Nintendo recently opened up and shared some info about the upcoming Nintendo Switch Online membership program. One of the benefits of becoming a paid subscriber (other than playing online, which will cease to be free in September) is access to a library of digital NES games. As fans suspected, Nintendo has confirmed this means there are no plans for a traditional Virtual Console on Nintendo Switch.

While this marks a shift in strategy for Nintendo, you can bet that they still intend to bring their classic games to Switch in some form. Nintendo hasn't elaborated on how they plan to release games from classic platforms like SNES and Game Boy Advance, but a likely option is that they will handle them similarly to the NES library. If that's the direction Nintendo chooses to go, it's fantastic news for indie developers.

Nintendo 3DS has enjoyed a lengthy stay in the spotlight as Nintendo's primary handheld since its debut in 2011. You might think the launch and incredible sales success of Nintendo Switch (which can also function as a handheld) would spell the end for 3DS, but that doesn't appear to be the case. Nintendo envisions the two co-existing for some time, and they recently announced plans to make new 3DS games until at least 2020. Is Nintendo crazy to continue to support seven-year-old hardware when they've got that beautiful, HD Switch screen available? Maybe a little, but there's a method to their madness.

On September 16th, 2015, Tatsumi Kimishima was faced with an impossible task: filling the shoes of Satoru Iwata. Nintendo's former President was a gaming icon and a beloved figure, and his sudden passing was a tragedy that shook the industry. In taking the torch from Iwata, Kimishima inherited a company that was not only brokenhearted, but also struggling financially. Kimishima was not Iwata's first choice for the job, but he stepped up to the plate when no one else was prepared to do so. Three years later, Kimishima is preparing to step down and turn the Presidency over to someone new. Looking back on his brief, but important stint as President, I believe Satoru Iwata would be proud of what he accomplished.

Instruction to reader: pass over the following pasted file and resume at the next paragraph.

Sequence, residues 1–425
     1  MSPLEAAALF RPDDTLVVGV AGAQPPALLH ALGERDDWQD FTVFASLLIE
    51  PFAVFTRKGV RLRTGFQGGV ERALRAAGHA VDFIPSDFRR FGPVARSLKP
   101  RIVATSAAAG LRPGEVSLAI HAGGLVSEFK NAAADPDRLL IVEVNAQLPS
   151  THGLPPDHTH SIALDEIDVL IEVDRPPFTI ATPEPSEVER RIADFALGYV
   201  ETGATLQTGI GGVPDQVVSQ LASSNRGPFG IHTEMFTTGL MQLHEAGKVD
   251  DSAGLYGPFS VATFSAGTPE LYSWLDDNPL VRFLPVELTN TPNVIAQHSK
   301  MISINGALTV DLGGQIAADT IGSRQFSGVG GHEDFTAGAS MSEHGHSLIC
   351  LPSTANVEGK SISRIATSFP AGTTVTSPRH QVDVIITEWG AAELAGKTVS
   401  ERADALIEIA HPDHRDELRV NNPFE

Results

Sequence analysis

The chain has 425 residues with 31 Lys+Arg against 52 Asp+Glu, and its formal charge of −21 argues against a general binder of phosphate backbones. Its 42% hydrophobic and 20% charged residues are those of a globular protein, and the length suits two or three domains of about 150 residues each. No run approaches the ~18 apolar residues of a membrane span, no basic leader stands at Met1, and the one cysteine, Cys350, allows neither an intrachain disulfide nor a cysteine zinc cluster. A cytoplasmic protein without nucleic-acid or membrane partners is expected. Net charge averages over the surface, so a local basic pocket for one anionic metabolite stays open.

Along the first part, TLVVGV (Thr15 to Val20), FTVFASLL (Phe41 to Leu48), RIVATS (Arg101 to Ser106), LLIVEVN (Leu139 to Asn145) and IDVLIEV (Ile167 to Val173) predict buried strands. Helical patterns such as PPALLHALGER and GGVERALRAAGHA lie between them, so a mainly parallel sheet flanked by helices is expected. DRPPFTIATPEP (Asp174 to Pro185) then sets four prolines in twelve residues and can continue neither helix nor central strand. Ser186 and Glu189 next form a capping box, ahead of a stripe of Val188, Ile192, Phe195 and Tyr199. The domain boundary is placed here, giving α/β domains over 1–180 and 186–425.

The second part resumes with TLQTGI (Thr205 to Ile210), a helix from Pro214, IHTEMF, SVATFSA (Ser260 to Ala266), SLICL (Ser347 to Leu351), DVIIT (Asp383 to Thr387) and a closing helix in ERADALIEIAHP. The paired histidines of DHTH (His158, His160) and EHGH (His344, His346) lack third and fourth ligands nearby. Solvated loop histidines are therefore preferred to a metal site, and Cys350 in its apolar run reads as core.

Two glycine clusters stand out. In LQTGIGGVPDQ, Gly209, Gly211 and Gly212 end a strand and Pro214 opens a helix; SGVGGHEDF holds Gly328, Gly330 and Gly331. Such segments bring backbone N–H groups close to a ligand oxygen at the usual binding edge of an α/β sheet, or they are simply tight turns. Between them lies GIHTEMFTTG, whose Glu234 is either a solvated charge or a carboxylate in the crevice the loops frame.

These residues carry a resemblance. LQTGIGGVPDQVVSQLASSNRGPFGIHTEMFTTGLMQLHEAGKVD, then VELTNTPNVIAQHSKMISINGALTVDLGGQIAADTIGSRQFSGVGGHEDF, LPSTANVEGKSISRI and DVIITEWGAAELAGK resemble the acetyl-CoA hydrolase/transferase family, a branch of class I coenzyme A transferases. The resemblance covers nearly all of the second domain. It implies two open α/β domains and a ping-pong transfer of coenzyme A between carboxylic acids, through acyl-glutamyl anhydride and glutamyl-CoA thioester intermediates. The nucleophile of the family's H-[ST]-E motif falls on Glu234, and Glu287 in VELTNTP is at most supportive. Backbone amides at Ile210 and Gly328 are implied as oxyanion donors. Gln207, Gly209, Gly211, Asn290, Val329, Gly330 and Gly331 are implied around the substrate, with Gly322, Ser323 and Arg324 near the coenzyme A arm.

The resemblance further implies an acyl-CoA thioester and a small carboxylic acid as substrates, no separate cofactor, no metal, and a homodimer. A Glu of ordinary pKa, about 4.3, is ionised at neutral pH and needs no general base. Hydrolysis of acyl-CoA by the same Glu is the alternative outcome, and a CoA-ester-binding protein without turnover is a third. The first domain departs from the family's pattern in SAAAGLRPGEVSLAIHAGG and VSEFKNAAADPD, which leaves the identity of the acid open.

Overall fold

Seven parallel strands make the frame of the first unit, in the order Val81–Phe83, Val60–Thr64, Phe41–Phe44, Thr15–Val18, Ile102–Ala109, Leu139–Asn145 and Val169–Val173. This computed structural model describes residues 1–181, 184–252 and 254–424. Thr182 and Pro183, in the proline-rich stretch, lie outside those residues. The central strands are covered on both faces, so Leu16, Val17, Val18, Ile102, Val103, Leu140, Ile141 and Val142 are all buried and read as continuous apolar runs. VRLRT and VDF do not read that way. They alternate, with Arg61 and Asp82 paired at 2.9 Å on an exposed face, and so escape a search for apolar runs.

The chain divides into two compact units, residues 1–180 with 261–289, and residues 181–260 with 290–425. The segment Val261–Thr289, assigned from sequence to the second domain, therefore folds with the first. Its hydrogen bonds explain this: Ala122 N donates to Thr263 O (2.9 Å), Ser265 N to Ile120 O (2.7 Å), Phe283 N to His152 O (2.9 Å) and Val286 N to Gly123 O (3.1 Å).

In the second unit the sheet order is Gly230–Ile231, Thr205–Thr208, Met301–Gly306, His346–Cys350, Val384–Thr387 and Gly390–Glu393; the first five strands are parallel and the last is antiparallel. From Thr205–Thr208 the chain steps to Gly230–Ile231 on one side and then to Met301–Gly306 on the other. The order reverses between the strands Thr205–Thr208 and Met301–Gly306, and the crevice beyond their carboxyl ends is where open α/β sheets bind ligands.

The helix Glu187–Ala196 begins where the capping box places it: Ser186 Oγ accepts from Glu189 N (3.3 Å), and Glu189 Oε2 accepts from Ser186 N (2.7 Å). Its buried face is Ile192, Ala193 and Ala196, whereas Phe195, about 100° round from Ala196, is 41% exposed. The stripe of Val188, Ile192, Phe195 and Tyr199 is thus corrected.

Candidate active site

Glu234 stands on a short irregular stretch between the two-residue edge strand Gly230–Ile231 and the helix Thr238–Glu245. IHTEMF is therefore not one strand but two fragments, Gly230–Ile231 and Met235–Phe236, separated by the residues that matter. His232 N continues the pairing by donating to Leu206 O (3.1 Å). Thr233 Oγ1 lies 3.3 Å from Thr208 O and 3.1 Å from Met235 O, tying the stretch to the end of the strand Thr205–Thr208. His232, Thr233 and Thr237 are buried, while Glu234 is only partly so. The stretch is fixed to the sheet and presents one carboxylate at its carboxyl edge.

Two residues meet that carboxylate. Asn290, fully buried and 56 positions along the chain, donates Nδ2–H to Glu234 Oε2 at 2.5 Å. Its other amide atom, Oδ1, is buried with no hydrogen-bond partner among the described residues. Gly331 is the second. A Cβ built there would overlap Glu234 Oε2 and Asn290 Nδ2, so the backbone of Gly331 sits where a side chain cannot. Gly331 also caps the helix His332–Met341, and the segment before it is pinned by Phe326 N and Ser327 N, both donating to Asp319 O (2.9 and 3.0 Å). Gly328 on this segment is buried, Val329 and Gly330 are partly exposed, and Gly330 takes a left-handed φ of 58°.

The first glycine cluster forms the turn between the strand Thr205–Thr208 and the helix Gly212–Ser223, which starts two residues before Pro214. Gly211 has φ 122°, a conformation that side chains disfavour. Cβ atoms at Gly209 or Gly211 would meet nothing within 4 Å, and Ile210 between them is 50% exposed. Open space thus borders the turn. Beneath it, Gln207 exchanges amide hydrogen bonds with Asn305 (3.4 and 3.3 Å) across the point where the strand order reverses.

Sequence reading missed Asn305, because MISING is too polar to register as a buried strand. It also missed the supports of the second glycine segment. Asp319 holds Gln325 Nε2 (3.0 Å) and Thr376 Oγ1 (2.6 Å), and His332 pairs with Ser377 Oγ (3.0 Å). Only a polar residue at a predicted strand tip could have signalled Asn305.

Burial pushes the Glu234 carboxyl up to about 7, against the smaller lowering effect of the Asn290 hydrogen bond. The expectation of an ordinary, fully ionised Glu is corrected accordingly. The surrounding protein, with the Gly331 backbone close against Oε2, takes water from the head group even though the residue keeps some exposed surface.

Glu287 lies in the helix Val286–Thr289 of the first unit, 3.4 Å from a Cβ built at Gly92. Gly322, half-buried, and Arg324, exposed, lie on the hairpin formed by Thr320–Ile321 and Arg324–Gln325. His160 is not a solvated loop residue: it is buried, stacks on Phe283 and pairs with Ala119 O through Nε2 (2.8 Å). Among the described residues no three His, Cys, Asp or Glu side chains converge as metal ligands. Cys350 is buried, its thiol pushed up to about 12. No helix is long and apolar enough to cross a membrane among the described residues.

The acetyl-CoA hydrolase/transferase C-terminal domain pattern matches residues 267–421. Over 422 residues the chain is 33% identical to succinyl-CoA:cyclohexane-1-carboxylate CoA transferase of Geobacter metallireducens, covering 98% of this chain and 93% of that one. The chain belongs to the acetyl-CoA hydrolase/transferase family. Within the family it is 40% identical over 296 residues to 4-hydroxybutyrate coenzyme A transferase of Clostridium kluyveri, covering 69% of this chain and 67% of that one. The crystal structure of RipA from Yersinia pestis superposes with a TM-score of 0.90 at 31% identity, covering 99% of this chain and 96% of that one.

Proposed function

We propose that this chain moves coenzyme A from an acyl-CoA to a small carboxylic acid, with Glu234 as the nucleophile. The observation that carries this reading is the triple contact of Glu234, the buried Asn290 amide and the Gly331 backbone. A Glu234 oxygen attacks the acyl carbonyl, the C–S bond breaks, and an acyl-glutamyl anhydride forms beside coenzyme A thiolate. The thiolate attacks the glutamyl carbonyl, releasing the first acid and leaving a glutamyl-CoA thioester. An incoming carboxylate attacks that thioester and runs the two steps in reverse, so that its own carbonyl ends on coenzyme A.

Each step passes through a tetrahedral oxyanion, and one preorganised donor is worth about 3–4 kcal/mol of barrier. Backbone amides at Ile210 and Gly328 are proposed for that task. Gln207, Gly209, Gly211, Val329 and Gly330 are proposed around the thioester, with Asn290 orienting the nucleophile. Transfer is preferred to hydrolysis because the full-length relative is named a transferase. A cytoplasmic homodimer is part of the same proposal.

Hit the jump to reflect on Kimishima's Presidency with us!

In recent years we've seen a surge of movies based (often loosely) on popular video games. The idea of seeing your favorite video game characters on the big screen is exciting, but history has shown us that Hollywood has a knack for mishandling them and botching what made their games special in the first place. Of all the game-to-film stinkers over the years, which is the worst of all time?

Head inside to share your answers!

Dragon Ball Super's run has sadly come to an end after 131 episodes, but that doesn't mean the story is finished. We believe there's a strong chance that the latest iteration of the hit anime franchise will return after a hiatus of a year or so. If and when it does, it's got some pretty big questions to answer. Hit the jump for three big questions Dragon Ball Super never addressed, and join us in theorizing about the answers!

Ever since Overwatch skyrocketed to popularity we've seen a massive increase in the number of video games that include loot boxes. This trend made mainstream news thanks to the catastrophically poor reception of Star Wars Battlefront II, prompting politicians to consider regulatory legislation. The government likely won't give loot boxes the permanent boot, but many fans are. When you hear an upcoming game features loot boxes, is it a deal-breaker for you?

Head inside to voice your opinion!